To help provide a boost for the High Street and the wider commercial property market, RICS is calling on the government to review the business rates system in the upcoming Budget.

Hew Edgar, head of policy at RICS, said: “People want a vibrant high street at the heart of their community. Yet the combination of Brexit uncertainty and competition from online retailers mean small independent businesses, in particular are finding it harder to stay afloat.

“That’s why we are calling on the government to use the Budget to review business rates, with the aim of improving the whole system and help provide a shot in the arm for our ailing high streets.”

Looking at investments, all commercial property types – except the struggling retail sector – saw a rise in enquiries from potential investors with 55% of respondents reporting an increase in investment enquires for industrial space, and 30% seeing a rise in enquiries from investors for office property.

Looking ahead, the lack of available office space and industrial property in the region is predicted to impact rents over the next three months – across both these sectors – with 25% of respondents expecting office rents to increase (up from 21% in Q2), whilst 35% of respondents expect rents to rise for industrial property (up from 27% in Q2). Retail rents are not predicted to rise over the coming three months.

In each quarter since the Brexit vote took place, survey participants have been asked if they have seen any evidence of firms looking to relocate at least some part of their business as a result. Throughout much of this time, the proportion reporting they had seen signs of this type of activity remained at around 15-18%. Interestingly, however, this picked up to 25% in the latest results.

Tarrant Parsons, RICS economist, said: “The commercial real estate market continues to be characterised by a stark contrast between the struggling retail sector and the strong performance of industrial property.

“Trends are a little more mixed in the office market, depending on which part of the country you look at, but the overall picture remains broadly steady. The uncertainty engendered by the ongoing Brexit process now appears to be having a greater bearing on tenant decisions when it comes to taking up commercial space, with a lack of clarity regarding the final trading relationship causing some hesitancy.

“That said, investment activity remains reasonably solid, as the latest results point to a stable quarterly trend in demand and a continued decline in supply.”

Source: The Business Desk

Marijana No Comments

Glasgow leads the way as competition for development land drives values across UK

The UK residential land market is reflecting the shape of the housing market, as values fall in central London but continue to rise in other regions, with Scotland the standout performer, according to international real estate adviser Savills.

Across the UK, greenfield and urban land values have grown by 1.9% and 6.9% respectively over the past year, albeit values remain 13 and 23% below their pre financial crisis level.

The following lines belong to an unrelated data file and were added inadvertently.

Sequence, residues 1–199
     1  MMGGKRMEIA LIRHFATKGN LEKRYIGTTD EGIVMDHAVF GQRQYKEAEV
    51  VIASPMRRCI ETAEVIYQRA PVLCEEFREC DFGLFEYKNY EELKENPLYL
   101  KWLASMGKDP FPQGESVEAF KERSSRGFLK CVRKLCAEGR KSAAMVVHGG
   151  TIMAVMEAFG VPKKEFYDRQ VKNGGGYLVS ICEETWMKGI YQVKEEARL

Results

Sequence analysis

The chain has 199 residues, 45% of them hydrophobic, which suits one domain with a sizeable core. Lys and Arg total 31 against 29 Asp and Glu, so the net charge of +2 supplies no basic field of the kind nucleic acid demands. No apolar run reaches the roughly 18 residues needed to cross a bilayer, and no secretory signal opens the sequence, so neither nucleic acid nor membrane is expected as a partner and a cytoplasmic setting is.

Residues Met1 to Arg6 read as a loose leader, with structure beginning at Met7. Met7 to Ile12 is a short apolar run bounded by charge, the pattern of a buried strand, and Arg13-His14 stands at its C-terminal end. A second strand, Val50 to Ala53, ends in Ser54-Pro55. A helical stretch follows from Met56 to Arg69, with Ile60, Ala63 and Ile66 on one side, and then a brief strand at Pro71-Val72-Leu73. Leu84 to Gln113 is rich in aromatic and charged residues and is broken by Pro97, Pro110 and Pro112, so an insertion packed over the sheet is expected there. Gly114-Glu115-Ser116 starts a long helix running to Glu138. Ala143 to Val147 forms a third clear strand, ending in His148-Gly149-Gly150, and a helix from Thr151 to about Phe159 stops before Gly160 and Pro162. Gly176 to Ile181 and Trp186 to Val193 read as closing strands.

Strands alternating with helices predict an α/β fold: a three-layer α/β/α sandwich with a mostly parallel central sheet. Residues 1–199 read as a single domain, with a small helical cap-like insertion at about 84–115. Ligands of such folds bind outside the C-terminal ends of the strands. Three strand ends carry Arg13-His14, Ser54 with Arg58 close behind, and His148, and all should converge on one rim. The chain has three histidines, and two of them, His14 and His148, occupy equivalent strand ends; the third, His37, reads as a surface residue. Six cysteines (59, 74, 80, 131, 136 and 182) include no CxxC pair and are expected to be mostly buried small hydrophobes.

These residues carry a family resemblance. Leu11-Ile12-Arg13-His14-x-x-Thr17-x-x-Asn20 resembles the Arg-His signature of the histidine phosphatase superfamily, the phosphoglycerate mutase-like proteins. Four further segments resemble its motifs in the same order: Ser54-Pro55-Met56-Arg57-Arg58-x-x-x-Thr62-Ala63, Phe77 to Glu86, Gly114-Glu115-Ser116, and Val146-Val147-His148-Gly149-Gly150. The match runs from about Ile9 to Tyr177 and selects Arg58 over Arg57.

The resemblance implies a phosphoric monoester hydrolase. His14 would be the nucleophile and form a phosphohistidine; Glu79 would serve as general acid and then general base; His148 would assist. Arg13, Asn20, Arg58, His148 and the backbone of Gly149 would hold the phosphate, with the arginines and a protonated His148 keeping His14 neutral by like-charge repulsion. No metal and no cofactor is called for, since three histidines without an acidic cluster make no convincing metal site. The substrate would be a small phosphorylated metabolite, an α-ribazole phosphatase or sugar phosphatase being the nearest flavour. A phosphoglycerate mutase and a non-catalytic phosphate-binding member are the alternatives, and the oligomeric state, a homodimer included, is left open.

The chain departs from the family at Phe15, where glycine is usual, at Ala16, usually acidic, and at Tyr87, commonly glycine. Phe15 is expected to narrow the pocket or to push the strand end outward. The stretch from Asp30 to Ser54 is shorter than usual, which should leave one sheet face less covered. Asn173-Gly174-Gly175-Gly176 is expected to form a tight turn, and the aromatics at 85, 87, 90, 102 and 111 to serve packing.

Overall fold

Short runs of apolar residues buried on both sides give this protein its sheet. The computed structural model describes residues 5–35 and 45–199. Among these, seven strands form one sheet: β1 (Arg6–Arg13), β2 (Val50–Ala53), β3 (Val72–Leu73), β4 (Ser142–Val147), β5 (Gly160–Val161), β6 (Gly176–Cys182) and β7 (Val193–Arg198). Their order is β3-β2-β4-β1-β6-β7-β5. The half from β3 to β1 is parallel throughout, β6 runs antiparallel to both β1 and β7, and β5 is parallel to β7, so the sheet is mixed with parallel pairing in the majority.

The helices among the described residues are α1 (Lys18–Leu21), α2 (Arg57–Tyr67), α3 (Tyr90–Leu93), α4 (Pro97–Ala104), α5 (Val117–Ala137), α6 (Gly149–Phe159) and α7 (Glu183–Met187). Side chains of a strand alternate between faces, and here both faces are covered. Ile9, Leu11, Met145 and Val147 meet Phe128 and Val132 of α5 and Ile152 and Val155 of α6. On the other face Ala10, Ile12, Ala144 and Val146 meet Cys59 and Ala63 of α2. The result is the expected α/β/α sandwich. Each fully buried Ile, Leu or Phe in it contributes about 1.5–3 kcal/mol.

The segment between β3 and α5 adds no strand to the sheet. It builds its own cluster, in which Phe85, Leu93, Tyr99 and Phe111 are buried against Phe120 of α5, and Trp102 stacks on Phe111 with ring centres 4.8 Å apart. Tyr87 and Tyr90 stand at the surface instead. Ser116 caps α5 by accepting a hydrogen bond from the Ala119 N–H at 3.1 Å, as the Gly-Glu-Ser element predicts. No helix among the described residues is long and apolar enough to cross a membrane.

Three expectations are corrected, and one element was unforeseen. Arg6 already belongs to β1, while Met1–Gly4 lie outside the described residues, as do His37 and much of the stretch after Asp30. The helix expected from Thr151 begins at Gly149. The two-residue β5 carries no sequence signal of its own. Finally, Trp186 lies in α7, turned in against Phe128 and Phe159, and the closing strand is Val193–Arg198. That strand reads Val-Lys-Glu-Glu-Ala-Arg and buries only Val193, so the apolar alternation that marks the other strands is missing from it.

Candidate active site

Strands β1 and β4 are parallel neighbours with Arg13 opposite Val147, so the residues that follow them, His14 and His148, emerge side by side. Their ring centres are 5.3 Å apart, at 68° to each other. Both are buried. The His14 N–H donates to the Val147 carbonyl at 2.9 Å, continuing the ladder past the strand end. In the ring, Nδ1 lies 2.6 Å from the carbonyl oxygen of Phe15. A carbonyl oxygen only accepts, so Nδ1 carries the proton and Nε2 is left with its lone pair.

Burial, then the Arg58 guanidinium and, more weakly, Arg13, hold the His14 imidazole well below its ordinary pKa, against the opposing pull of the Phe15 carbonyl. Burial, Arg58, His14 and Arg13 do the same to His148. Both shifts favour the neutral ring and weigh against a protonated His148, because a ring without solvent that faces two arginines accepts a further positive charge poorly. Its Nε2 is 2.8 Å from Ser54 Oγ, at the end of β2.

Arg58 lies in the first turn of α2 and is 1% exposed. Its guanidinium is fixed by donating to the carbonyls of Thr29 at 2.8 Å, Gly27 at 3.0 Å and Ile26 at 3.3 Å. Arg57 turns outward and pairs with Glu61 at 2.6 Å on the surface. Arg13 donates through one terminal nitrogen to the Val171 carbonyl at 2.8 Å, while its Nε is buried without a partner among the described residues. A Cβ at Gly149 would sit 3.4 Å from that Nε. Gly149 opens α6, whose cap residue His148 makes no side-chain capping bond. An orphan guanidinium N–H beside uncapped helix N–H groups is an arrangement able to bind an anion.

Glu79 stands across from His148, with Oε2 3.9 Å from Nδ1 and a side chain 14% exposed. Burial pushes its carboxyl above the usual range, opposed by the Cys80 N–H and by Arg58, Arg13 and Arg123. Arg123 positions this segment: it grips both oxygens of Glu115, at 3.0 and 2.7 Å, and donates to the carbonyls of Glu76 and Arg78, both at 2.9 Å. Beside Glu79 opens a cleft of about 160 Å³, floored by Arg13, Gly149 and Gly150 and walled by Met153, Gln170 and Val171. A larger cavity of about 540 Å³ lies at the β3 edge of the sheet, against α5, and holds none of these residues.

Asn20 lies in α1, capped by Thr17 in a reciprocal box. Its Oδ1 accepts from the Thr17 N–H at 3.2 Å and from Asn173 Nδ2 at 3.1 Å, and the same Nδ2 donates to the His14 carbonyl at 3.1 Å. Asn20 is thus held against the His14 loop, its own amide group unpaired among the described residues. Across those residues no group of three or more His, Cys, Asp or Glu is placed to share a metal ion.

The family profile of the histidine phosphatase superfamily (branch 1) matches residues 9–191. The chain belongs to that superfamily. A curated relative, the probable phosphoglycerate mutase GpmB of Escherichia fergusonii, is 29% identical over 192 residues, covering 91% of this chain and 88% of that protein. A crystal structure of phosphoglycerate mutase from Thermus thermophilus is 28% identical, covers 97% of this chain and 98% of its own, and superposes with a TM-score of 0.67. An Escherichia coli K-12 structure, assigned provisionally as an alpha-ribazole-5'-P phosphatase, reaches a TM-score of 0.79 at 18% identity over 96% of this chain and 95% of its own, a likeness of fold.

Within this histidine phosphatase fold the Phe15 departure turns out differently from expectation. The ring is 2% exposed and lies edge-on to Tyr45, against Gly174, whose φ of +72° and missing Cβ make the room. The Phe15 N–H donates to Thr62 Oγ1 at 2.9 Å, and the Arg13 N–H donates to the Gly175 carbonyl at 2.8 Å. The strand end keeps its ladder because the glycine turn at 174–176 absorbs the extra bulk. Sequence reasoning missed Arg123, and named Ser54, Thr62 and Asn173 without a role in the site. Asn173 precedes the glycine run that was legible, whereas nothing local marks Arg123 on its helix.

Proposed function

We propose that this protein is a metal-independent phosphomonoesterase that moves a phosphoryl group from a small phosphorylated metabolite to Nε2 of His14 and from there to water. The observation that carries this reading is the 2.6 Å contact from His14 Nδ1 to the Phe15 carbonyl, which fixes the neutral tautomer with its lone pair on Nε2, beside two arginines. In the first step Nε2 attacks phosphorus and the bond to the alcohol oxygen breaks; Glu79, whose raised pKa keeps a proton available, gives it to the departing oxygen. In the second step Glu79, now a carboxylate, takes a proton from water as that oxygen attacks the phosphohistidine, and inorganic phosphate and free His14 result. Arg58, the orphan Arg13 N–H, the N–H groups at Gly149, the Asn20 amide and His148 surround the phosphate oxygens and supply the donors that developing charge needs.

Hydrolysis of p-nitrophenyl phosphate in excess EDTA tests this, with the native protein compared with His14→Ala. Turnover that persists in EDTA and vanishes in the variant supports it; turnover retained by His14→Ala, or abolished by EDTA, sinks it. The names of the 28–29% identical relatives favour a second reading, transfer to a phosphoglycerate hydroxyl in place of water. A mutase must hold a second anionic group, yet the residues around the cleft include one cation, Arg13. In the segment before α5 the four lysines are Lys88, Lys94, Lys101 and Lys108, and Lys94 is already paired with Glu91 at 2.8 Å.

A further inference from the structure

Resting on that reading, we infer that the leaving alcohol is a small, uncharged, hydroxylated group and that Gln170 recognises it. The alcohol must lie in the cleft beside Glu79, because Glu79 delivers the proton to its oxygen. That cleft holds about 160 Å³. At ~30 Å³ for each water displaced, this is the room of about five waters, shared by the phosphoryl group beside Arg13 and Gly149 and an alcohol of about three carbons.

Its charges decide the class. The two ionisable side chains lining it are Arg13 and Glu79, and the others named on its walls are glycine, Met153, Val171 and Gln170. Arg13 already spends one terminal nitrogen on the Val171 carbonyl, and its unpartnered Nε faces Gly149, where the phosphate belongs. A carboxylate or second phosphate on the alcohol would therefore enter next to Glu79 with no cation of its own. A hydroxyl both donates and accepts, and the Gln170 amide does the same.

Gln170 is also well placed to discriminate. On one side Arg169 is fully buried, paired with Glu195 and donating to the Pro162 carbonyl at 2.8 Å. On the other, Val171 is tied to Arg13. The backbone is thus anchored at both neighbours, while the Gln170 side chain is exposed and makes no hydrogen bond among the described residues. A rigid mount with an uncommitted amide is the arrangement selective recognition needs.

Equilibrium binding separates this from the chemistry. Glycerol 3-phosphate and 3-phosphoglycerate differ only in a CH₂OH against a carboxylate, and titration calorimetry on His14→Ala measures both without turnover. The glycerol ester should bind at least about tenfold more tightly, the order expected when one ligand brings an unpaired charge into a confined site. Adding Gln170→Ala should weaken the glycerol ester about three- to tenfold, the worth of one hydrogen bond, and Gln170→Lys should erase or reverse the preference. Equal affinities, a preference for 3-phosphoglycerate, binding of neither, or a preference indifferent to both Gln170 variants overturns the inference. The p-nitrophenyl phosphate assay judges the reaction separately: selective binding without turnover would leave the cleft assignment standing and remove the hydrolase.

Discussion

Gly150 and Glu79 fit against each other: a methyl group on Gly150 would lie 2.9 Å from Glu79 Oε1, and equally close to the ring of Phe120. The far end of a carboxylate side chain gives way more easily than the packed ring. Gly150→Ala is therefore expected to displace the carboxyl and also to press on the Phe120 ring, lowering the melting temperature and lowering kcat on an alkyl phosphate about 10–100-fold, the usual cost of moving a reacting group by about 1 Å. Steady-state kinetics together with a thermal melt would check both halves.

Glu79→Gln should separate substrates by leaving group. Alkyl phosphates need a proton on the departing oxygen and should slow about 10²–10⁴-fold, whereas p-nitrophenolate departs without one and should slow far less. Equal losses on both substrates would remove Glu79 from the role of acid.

Growth has been supported by the strength of the Scottish land market, where annual growth stands at 6.0% and 6.2% respectively and greenfield values rose 1.0% in the last quarter alone, and urban land values by 2.5%.

A scarcity of developable sites in Scotland’s most in-demand locations, particularly in and around Glasgow, has led to increased competition for land, underpinned by house price growth of 7.7% year on year, well ahead of the 3.8% UK average.

Jamie Doran, Savills development director, said: “A strong Scottish housing market, particularly in Glasgow and Edinburgh, has fuelled demand for well-located development sites: the key challenge is the availability of developable residential land in these areas.  The lack of supply of sites with planning consent is driving value. Value rises are greatest in prime hotspots within the city, ie the south –side of the city and West End, but also in the city centre where there a number of new developers entering the market.”

Emily Dorrian of Savills Research said: “The Scottish Government’s More Homes Policy is looking to deliver 50,000 new affordable homes by 2021, supported by increased access to grant funding. This is encouraging registered social landlords and local authorities to become more active within the development market.  Further, the Help to Buy programme in Scotland is supporting the private sector in delivering units up to £200,000, a key first time buyer threshold.

“North of the Border, developers also do not have access to the same suite of infrastructure funds to support the development of land where significant remediation or infrastructure is required. This, along with planning consent, is constraining the delivery of housing at certain sites in Scotland.”

Source: Scottish Construction Now

Marijana No Comments

Why Buy to Let Edinburgh is rapidly rising?

Being a resident of Edinburgh, I can assure you that this city is a great choice to buy to let. This is because this thriving city has everything to attract students, tourists, and professionals alike. Following are some reasons why so many people from all over the world are looking to buy to let in Edinburgh:

Booming businesses – With over hundreds of businesses blooming in the city, Edinburgh is Europe’s 4th largest financial center. That’s why many young professionals from various parts of the world flock to this city to flourish their careers, and most actively looking for buying to let.

Student-friendly – Due to a large number of educational universities and institutes in the city, many students are attracted to Edinburgh. With the increasing number of the student population, the demand for suitable accommodation is also on the rise.

Tourism – Edinburgh is a tourist hotspot, and buying property to rent out to holiday makers is a big business here.

Source: Property118